He dismissed this idea as soon as it formed. People often did not respond well to his good intentions. He supposedly went about things the ‘wrong way’. Why would this situation be any different? And what did he care of a famous widower’s comfort?

On returning downstairs he realized he’d been in the room for much longer than he’d thought. The sought-after owner of Manderley had already left the dining room and Sebastian, likely out of fear of losing him, had initiated conversation without the help of the letter. Wilkes now had his prize in his grasp on a sofa in the lounge.

Deciding to complete his task regardless, he walked across the room to them and handed the letter to Wilkes without a word. Wilkes waved a hand at him in annoyance at being disturbed from his success, and mumbled his name as an introduction between himself and Watson.

Unlike Wilkes, John Watson rose to his feet at once in greeting. This was especially gracious, given that he used a cane to assist himself in standing.

If Watson had been about to say anything he was unsuccessful, as Wilkes cut in to inform him that Mr Watson was joining them for coffee, and would he go and ask a waiter for the third cup?

His tone was careless, but acted as a firm reminder of his place. As per usual he was not to be involved in the conversation. This was partially because his social skills left something to be desired, but mostly because Wilkes preferred to be the center of attention. Brandishing his position above another person also allowed him to appear more impressive, or so Sebastian imagined.

He had once been mistaken for Sebastian’s friend, which had been an embarrassment for them both. Wilkes had since learned the art of communicating his companion wasn’t to be thought of at all. Which is why it was particularly surprising that Watson continued to stand, and for him to take it upon himself to signal the waiter instead.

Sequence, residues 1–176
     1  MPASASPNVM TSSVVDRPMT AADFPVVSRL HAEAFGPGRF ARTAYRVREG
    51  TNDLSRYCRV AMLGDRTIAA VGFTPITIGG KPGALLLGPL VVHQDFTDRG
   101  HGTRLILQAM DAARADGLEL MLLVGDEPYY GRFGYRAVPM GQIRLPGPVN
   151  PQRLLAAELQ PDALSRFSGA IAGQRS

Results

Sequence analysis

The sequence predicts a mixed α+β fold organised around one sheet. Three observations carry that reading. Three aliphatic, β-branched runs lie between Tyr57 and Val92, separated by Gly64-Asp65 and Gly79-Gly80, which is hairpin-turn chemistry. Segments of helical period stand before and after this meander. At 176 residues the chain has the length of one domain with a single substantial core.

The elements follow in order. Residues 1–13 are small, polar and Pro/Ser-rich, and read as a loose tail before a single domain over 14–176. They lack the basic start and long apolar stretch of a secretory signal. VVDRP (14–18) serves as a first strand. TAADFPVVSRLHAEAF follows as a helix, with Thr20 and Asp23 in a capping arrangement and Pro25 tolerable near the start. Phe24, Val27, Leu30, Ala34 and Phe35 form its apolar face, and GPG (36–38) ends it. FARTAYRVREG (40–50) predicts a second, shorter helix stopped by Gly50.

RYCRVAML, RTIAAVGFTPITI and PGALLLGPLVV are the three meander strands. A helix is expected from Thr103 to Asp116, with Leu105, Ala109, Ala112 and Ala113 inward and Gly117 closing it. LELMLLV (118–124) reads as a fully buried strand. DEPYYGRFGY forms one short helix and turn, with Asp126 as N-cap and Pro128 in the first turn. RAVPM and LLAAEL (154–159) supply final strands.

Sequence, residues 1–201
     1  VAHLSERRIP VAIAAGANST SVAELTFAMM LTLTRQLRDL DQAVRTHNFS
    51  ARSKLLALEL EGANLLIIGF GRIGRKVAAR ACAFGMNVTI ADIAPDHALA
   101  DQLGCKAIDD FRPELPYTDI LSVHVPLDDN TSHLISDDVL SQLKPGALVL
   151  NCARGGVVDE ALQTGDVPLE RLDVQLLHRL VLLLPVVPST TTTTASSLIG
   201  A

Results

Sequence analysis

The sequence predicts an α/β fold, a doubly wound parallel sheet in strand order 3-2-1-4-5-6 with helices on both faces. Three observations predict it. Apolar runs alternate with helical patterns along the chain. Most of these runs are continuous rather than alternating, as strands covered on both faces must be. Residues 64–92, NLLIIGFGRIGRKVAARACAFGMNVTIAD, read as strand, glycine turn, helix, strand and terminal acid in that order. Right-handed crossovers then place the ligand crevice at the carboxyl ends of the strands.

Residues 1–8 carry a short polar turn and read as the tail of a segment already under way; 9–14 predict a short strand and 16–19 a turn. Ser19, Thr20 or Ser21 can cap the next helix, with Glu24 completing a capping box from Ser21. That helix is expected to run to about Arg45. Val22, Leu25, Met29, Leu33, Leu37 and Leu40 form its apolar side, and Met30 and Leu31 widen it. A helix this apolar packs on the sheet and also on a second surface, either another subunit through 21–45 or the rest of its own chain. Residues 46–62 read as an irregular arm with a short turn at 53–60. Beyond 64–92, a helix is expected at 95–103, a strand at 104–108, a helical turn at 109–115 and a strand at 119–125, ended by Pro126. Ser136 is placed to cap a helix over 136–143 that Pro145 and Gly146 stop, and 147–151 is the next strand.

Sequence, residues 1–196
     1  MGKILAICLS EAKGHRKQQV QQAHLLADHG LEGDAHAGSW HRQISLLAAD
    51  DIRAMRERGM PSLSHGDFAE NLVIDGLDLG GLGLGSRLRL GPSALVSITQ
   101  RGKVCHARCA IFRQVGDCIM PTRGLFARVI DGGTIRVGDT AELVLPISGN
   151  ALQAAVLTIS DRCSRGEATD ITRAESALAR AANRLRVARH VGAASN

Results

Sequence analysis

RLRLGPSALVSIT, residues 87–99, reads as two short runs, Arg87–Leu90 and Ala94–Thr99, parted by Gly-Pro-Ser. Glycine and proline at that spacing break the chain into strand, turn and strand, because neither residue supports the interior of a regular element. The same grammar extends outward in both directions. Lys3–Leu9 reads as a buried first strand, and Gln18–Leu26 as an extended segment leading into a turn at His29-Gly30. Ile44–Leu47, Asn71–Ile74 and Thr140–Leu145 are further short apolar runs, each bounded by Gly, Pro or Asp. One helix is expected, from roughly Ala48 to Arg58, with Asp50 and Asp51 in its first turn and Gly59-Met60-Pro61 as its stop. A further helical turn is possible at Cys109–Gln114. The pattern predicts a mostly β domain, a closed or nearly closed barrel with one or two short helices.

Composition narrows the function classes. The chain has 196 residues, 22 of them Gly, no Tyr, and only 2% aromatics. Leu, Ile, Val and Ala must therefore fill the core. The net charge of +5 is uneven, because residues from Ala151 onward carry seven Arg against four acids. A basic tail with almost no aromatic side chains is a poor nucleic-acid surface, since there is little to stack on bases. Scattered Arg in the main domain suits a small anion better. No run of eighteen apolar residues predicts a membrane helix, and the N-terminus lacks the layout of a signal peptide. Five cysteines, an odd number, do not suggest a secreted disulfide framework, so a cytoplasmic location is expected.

“I’m afraid I must contradict you,” he said to Wilkes, but with a surprisingly gentle voice. “You are both having coffee with me.”

Before he could gather his bearings, Watson had taken over the hard chair that Wilkes had clearly meant for him. As a result he sat next to Wilkes on the sofa, the only option left available to him. Sebastian grimaced at being so separated from Watson, but collected himself for their guest.

“Did you know I recognized you as soon as you came in? I thought to myself ‘there’s Mr Watson, Stamford’s friend, he must be dying to see Mike’s honeymoon photos!’ and here they are –“ Wilkes presented the contents of the letter with aplomb.

Watson offered a small smile in response. He observed that Watson was not easily overjoyed, but did seem at least fond of his friend Stamford as some of the expression was truthful. A tightness about Watson’s eyes and mouth spoke to his discomfort, and boredom, at having to socialize. He knew the feeling.